Response rate is a topic that seems to be growing in importance throughout literature and survey methodology. In evaluating the response rate literature, it is important to consider how response rate is defined as well as what the response rate is telling you about your study.
Defining Response Rate: How do I calculate response rate?
Response rate is a term that can have a variety of definitions simply depending on who you are talking to. Looking at how response rate was calculated in 16 articles, there are at least 6 different calculations that were used. CASRO (Council of American Survey Research Organization) has defined response rate as the “ratio of the number of interviews to the number of eligible units in the sample.” But even this definition leaves room for various interpretations.
Number of Interviews:
· Does this only include individuals that completed the entire survey?
· Do they have to complete at least 50% of the survey?
· How do you handle respondents that only answered a few questions in the survey?
· How do you handle people that simply clicked into the survey?
Number of Eligible Units:
· Does this exclude undeliverable invites?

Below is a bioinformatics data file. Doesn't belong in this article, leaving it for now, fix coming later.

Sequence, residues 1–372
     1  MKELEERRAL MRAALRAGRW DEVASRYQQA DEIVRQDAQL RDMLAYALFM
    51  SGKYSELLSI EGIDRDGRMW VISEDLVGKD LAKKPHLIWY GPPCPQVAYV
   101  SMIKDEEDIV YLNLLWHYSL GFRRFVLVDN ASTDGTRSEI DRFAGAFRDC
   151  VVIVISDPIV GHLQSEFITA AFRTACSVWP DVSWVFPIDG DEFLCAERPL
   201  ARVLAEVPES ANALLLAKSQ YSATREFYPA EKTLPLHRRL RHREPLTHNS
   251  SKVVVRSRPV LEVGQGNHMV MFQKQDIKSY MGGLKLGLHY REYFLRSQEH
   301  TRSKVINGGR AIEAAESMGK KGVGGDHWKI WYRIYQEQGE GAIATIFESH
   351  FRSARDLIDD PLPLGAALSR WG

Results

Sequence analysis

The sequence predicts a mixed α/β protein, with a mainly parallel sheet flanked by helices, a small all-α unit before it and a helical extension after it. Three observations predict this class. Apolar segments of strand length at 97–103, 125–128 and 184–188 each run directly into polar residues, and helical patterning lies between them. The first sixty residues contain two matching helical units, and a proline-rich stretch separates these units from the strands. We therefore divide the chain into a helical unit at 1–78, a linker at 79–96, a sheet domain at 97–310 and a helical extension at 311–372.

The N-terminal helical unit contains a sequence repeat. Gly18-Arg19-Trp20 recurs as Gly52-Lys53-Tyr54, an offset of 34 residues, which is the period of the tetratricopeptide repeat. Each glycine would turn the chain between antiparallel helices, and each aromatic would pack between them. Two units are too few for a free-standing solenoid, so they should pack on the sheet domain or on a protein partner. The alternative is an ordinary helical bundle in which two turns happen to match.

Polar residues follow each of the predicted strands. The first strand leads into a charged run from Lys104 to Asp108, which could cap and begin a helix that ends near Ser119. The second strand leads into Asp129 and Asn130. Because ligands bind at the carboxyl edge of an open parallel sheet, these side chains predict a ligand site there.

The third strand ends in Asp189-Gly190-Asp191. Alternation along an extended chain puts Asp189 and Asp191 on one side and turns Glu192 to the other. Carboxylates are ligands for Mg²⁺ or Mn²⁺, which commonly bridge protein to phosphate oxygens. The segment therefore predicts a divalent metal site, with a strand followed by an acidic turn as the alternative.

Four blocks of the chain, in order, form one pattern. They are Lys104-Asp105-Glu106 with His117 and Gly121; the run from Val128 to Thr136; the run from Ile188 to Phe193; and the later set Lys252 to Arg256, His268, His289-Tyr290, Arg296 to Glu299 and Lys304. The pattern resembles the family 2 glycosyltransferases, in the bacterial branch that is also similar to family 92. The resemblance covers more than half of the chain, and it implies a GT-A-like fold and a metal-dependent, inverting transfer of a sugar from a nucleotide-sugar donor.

· Does this only include the people who clicked into the survey?
· Is this simply the number of invites that were sent?
As you can see, depending on the calculation you choose you could get a wide range of results for your study’s response rate. The way you calculate response rate will also impact calculations of item non-response and drop-off rates.
The most common calculation that I have seen throughout the literature is:
# of people who answered at least one question in the survey
# of invites sent – # of undeliverable invites
Evaluating Data Quality: Should Response Rate be the only thing I look at?
Usually after the response rate is calculated, we want to then assess that number to see how our study stacks up to similar studies. It is important to make sure you understand which calculation method is being used by the studies that you use as benchmarks. Often the response rate is given without any of the details about how it was calculated.
Response rate is sometimes considered a way to measure the quality of your study. However, research has shown that larger response rates do not equal better data quality or more accurate results. So response rate should be one of multiple elements you consider. Some other elements to consider are sample quality, sample representativeness, non-response bias, and amount of missing data (item non-response, drop-off rates, etc).
While response rate should not be the only metric used to assess survey quality, it is an important consideration when collecting data. In the coming weeks, we will be examining how various survey methodology choices impact response rate, such as mode and survey design. We will also consider ways to increase your response rate.